Row over judicial reform in Romania

Thousands of people took to the streets in several Romanian cities on Sunday evening to protest proposals for judicial reform under which the president would no longer be involved in appointing the chief prosecutors for anti-corruption investigations, with only the justice ministry and the independent Magistrates' Council or CSM making such decisions. Romania's press criticises the reform plans and praises the protests.

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Blog Republica.ro (RO) /

Demonstrators are the real opposition

Government supporters have commented on the protests saying that you don't do politics on the street. But the demonstrators are the true counterweight to the ruling elites, journalist Florin Negrutiu writes on the blog republica.ro:

“Parliamentarianism, the essence of democracy, is being attacked in Romania by the members of a dominant caste who use democratic principles as an alibi to avoid being punished themselves. ... The protests are a healthy reaction by part of society to an emerging parliamentary dictatorship. ... What's more, the protests constitute the only opposition that can cause problems for those in power and give them headaches. It's the only opposition that they can't control.”

România Curată (RO) /

An open competition would be better

Political scientist Alina Mungiu-Pippidi has little good to say about the reform proposals on the blog Romania Curată:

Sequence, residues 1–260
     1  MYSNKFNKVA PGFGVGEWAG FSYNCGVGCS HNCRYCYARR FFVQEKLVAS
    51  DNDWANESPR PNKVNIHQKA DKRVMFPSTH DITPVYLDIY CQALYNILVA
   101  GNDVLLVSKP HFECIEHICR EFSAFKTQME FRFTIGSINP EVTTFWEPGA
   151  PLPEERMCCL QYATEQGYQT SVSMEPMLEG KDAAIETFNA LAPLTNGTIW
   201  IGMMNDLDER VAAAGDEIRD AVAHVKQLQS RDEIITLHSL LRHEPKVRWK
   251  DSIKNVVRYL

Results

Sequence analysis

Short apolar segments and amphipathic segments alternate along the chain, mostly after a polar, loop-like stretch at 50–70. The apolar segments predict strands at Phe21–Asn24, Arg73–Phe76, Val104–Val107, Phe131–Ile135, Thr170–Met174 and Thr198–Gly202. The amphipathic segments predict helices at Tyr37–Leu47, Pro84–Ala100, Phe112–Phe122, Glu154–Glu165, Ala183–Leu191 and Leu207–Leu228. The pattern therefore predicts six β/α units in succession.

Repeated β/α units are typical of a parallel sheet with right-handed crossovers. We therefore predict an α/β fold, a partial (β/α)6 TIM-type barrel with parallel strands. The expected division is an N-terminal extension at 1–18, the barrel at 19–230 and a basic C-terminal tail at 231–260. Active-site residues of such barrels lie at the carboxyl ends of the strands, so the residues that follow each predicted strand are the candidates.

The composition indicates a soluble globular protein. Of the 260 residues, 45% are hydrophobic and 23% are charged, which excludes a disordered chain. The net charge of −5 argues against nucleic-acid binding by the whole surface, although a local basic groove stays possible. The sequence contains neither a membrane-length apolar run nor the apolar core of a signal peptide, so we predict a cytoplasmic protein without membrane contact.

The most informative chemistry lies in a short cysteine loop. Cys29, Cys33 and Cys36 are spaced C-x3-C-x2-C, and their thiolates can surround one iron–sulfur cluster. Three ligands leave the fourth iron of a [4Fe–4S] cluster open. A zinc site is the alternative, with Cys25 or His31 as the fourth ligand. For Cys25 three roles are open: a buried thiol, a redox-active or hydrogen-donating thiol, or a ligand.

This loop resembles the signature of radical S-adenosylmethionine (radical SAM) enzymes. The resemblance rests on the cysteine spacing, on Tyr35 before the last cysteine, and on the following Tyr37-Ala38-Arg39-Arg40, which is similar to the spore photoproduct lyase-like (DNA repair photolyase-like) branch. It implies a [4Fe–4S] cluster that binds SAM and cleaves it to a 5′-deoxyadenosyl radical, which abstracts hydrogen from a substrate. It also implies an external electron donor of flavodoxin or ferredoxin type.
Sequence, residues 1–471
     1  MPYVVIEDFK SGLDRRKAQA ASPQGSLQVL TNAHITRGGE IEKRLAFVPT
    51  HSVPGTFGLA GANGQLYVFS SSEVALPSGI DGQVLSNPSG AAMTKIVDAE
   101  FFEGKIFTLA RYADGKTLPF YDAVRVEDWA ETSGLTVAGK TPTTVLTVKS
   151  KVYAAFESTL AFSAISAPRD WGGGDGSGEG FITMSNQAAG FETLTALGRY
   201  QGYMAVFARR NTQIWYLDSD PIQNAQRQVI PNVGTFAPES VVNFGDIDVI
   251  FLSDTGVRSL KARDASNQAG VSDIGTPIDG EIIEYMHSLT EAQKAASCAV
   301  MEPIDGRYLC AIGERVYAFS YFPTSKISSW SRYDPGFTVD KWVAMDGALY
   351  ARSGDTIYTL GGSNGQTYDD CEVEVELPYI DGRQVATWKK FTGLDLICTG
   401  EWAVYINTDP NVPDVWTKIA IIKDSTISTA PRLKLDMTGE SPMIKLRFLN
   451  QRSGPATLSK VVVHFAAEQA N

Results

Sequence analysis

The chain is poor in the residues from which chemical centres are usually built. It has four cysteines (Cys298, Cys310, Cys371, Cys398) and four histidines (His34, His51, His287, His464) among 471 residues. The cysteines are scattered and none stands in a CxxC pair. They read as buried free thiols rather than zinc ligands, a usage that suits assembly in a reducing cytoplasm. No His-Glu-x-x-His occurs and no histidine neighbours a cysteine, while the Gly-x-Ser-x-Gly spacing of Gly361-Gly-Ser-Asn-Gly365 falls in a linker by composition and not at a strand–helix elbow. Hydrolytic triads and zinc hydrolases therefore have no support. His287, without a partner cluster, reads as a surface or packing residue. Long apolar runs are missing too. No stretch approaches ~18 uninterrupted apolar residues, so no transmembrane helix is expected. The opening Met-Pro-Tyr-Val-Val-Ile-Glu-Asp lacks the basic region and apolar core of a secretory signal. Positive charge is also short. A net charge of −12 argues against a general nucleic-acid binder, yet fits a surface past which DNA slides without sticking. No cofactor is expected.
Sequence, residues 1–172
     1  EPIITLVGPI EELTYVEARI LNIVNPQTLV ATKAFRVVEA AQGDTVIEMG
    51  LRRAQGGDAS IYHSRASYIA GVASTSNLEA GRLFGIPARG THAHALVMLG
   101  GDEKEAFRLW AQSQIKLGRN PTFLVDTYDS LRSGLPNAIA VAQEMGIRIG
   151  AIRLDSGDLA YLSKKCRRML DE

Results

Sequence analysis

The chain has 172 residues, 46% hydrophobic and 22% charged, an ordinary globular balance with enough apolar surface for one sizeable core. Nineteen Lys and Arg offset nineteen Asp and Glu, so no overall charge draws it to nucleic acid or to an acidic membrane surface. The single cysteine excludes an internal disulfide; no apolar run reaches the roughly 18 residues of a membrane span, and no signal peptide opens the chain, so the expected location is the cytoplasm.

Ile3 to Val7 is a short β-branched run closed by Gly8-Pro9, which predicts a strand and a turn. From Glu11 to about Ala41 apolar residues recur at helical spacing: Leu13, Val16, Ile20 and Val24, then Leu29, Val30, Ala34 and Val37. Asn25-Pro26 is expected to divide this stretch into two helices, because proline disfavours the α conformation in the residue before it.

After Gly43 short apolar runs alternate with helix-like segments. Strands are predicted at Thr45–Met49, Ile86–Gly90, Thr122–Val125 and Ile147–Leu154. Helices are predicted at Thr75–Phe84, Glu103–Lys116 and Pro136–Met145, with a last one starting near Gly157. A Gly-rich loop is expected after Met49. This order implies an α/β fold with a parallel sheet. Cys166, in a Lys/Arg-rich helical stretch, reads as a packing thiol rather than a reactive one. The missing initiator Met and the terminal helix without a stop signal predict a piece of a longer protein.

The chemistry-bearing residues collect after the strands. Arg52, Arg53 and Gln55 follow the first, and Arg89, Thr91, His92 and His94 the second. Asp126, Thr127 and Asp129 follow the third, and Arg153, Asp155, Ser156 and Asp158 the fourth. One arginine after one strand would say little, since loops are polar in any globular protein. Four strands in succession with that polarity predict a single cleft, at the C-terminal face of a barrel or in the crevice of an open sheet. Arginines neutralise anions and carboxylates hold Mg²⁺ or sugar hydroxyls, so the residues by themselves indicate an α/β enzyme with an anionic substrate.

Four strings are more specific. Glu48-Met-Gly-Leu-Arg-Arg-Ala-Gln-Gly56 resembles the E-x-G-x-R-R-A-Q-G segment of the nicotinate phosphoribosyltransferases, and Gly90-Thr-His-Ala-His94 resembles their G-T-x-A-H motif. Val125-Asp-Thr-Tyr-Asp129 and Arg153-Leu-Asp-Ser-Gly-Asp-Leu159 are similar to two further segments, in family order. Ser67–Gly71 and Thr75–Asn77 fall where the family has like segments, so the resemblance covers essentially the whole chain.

“Theoretically the nomination of prosecutors by the Superior Magistrates' Council CSM makes the procedure a little more independent than if it were to be handled by the president's office. But in practice it would be far more important for the selection to be carried out by means of a genuine competition in which all candidates have to publicly present themselves to the CSM. However as long as the selection remains arbitrary it makes no difference who's in charge of nominations. If the appointments continue to be influenced by politics, why should the president's office be excluded? The higher the number of political forces involved, the greater the chances are that an unbiased candidate will get the job. And that can only be a good thing.”

Adevărul (RO) /

CSM not the right body for this task

Journalist Bianca Toma also takes a critical view of the planned reform on the Adevărul blog:

“The Superior Magistrates' Council (CSM) is not yet mature enough to assume the responsibility for appointing chief prosecutors. Leaving these important decisions to a collective body like the CSM, which answers to no one, would jeopardise the results achieved so far in the judicial reform and the fight against corruption. … Moreover this discussion is nothing new, it has been going on since 2015. … The political bartering at the expense of the prosecutors or the judiciary has always been a matter of controversy, and was even mentioned in the EU Commission's report on the fight against corruption.”